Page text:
You can create another type of internal link by sending the browser to an anchor. Creating anchors is easy and quick. Scroll to a heading or other area on the page where you want to establish an anchor, drag the Page icon to that area, and release the mouse. When the mouse is released, you'll see an image of an anchor that's associated with that portion of the page. To create a link between the anchor and some text, select the text, scroll down to the anchor, click and drag the anchor to the selected text, and release the mouse. You can also establish links to anchors on other pages by using the same procedure.

Internal Links

An internal link directs the browser to a location on either the same page or another page on the same server. In PageMill, you can create anchors in a page, and then create a link to the anchor elsewhere in the document. This technique is best used in a table of contents or index-type page that has many lines of text and offers links to certain sections, giving the viewer the option of jumping directly to information of interest rather than reading everything in between (or worse, scrolling through and missing it).

To create a link to another page, select the text that sends the viewer to that page and enter the URL (uniform resource locator) in the Link Location Bar (see Figure 14.6 for its position) or in the Attributes Inspector. An easier method is to open the target page in PageMill and drag its Page icon to the text you want to link with.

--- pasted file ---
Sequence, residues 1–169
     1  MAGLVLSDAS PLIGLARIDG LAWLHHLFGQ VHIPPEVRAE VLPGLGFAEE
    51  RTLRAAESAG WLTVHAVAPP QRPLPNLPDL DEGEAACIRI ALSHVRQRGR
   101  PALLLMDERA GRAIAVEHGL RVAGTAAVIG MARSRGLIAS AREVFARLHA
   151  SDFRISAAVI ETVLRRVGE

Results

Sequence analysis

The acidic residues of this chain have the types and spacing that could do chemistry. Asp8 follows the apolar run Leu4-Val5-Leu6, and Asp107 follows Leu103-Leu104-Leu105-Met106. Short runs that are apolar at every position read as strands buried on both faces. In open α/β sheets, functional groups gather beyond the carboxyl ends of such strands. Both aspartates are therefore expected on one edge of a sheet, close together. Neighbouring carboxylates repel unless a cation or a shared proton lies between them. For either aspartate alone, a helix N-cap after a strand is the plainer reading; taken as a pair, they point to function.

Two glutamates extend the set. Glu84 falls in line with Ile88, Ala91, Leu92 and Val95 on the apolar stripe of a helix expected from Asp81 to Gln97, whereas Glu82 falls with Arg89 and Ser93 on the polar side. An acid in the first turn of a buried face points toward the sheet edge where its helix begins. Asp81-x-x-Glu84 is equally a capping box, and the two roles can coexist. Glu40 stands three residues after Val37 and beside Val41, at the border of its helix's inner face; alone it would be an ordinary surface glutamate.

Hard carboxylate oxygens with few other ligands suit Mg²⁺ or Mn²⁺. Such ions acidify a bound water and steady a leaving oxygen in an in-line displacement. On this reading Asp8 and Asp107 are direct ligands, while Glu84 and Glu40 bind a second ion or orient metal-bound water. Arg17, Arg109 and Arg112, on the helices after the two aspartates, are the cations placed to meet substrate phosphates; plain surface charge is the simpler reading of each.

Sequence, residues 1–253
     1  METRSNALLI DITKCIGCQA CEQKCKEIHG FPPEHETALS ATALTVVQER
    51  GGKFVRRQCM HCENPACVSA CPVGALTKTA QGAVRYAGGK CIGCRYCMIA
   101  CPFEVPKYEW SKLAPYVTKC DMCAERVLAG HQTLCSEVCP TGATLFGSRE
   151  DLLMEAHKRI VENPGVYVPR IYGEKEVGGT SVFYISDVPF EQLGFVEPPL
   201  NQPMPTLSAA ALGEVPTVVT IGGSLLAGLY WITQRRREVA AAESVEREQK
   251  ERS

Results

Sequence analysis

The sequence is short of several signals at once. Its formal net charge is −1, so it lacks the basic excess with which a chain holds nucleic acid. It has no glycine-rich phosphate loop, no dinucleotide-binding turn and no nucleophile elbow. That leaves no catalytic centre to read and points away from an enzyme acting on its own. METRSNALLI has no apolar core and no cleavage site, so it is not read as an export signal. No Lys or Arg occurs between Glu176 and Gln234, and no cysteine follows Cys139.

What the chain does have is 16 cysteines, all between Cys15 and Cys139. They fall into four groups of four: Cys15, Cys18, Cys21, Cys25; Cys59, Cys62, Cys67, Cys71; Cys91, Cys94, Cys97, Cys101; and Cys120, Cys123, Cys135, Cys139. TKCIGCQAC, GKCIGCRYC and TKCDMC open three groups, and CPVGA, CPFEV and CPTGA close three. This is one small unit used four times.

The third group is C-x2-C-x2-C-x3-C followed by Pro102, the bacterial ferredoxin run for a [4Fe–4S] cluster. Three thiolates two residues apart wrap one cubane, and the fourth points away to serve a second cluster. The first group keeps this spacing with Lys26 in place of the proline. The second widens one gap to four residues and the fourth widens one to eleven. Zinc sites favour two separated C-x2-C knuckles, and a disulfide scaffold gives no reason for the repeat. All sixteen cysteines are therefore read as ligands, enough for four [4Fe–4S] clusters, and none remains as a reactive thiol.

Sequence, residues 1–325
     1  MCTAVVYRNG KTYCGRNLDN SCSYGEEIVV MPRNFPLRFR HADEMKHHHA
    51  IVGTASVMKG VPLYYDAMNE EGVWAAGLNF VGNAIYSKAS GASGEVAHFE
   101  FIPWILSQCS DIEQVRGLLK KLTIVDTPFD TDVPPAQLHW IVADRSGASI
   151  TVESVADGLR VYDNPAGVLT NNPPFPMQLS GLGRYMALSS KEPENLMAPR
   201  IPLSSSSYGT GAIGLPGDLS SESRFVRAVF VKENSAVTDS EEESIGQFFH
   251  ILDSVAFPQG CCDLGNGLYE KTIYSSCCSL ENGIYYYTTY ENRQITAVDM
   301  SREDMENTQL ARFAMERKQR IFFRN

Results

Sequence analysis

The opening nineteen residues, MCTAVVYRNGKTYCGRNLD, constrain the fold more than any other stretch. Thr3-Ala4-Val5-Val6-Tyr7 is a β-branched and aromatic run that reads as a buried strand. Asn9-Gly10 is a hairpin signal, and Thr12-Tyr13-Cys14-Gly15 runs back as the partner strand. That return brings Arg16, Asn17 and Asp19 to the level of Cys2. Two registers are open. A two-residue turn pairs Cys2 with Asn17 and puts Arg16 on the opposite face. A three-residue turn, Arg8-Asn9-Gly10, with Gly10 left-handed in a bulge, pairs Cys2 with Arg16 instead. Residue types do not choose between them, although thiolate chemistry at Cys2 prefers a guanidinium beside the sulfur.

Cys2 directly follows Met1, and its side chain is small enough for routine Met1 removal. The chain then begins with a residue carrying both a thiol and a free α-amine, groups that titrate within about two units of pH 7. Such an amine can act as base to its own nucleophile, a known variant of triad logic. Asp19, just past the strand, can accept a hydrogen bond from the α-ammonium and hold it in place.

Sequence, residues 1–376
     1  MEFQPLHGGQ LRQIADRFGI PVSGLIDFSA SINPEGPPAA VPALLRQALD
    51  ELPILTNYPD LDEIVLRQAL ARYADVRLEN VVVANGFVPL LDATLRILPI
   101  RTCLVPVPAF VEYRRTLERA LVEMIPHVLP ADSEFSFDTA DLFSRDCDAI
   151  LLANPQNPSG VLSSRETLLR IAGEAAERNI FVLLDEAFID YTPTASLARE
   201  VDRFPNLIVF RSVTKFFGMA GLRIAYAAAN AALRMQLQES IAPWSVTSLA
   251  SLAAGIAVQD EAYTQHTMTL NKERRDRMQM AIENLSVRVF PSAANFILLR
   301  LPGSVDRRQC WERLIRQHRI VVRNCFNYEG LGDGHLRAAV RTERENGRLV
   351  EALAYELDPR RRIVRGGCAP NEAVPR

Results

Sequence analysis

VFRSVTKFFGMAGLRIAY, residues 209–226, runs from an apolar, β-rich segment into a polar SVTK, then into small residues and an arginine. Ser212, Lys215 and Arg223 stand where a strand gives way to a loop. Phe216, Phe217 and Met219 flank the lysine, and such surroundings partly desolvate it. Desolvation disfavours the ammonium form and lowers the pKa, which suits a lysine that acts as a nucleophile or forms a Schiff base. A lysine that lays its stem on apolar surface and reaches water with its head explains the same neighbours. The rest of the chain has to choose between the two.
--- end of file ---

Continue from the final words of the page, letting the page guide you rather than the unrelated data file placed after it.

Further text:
Figure 14.6 : The Link Location bar.

External Links

External links send the browser to another server. This type of link is difficult to manage
because you have no control over the name or content of pages on other servers. To create an external link in PageMill, follow the same technique described in the internal link section, except that you must type the URL that the browser goes to.

PageMill accommodates different URL types; however, make sure the browser can accept the protocol or action you present. URLs on the Web invariably begin with http://; however, other resources on the Internet have URL types that perform different functions. Table 14.1 lists several common URL types recognized by PageMill.

Table 14.1. Common Internet URL types.

file:// Opens a file on the server
ftp:// Connects to a server by using FTP (File Transport Protocol)
gopher:// Connects to a Gopher server
http:// Connects to a WWW server
mailto: Sends an e-mail
news: Connects to a newsgroup

It's important to type the URL correctly. A broken link is both frustrating and hard to discover without a live test.